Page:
Here are a few questions to consider:

👉 What is your ideal body fat percentage (note: don’t just go for the lowest body fat percentage possible)?
Even within the “healthy” body fat percentages, there are different classifications. Which would you prefer to fall into — the “Average”, “Fitness”, or “Athlete” group? (Suggestion: Google each classification to see what you could expect to look like at each tier.)

Women:

  • Average: 25% to 31%
  • Fitness: 21% to 24%
  • Athletes: 14% to 20%

Men:

  • Average: 18% to 24%
  • Fitness: 14% to 17%
  • Athletes: 6% to 13%

👉 What are you willing to do to get to — and maintain — your ideal body fat percentage?
If you're a man trying to get to 8% body fat, for instance, are you willing to track every calorie and gram of macronutrient you put into your mouth?

👉 If you're trying to get to a low body fat percentage: is there a legitimate reason for you to do so?
Once again, getting super lean requires a lot of sacrifices. Blood, sweat, and tears. While you could do so “just for the sake of it”, many times, maintaining a ripped physique year-round isn’t sustainable.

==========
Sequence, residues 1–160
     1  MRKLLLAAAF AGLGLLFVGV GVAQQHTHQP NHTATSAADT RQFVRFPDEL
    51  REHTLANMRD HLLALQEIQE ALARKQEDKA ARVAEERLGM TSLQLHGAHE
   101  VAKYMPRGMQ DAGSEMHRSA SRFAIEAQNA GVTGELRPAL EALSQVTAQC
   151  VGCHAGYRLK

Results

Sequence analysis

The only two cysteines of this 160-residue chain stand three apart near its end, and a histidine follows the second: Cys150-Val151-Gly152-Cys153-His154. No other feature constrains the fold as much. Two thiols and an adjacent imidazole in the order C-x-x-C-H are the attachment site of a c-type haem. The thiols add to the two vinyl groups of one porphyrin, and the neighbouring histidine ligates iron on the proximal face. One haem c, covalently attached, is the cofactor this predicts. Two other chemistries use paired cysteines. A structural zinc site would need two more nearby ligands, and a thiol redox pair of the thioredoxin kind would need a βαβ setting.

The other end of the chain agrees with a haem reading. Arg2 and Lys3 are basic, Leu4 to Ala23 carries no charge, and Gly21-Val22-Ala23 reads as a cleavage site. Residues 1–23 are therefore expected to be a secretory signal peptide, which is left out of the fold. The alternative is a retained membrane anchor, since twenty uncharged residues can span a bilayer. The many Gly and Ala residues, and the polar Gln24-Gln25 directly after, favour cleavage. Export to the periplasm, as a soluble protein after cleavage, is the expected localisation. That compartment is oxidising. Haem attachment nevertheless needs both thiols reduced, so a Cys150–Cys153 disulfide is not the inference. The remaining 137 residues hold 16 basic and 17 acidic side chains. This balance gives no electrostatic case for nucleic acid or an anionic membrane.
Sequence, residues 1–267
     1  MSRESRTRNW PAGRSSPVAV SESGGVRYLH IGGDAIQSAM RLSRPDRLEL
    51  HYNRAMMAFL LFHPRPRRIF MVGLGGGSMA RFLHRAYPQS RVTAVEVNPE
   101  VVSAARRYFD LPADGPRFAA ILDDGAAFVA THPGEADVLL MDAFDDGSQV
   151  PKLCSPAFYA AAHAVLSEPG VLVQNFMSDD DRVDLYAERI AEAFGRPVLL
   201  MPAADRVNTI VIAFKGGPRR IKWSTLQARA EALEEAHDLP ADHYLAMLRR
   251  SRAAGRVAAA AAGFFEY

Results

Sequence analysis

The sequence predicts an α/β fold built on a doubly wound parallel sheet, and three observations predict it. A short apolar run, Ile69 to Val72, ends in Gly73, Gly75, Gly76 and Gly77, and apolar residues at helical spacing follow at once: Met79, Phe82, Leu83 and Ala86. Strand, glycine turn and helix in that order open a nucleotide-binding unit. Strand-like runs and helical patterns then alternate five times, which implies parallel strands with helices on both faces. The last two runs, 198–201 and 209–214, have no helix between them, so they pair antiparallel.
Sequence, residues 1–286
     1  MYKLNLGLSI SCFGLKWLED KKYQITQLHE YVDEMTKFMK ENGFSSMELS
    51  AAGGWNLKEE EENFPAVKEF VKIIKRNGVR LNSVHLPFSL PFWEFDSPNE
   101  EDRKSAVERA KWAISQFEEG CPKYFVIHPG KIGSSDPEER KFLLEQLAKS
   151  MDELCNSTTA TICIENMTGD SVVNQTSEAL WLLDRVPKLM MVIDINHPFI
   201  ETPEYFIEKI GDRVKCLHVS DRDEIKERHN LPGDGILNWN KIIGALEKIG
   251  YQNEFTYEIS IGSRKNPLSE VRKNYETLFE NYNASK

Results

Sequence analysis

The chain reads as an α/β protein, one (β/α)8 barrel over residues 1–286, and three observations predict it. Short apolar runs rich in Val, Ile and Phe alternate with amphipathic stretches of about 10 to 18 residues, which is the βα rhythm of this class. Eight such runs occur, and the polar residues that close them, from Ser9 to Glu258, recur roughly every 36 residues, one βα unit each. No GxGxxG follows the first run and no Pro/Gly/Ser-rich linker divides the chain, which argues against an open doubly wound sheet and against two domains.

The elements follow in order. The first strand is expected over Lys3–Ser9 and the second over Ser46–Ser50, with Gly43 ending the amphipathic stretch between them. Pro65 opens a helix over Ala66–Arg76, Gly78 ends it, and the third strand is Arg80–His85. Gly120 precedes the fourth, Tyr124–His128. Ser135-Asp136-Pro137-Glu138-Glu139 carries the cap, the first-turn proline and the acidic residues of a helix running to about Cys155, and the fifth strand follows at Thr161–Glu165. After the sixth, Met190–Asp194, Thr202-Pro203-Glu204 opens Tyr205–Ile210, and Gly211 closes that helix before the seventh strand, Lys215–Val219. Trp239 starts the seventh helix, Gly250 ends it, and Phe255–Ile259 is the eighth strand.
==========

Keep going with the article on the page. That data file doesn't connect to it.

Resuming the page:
So, ask yourself if there’s a truly legitimate reason (e.g., a bodybuilding competition, a CrossFit meet, or a photoshoot) for you to push yourself through all that first.

For most people, building muscle is key

Here's something important to remember: Don't just fixate on losing fat when trying to achieve a ripped physique. Look at Christian Bale in The Machinist.

That’s an incredibly low body fat percentage — but does he look good?

Most people would say no, and describe his physique as “skeleton-like”, “gaunt”, “too skinny”, and potentially even “scary”. And understandably so.

What's the takeaway here, then? Well, for most people, if you're simply trying to look "fitter", you'll have to work on losing body fat and increasing muscle mass.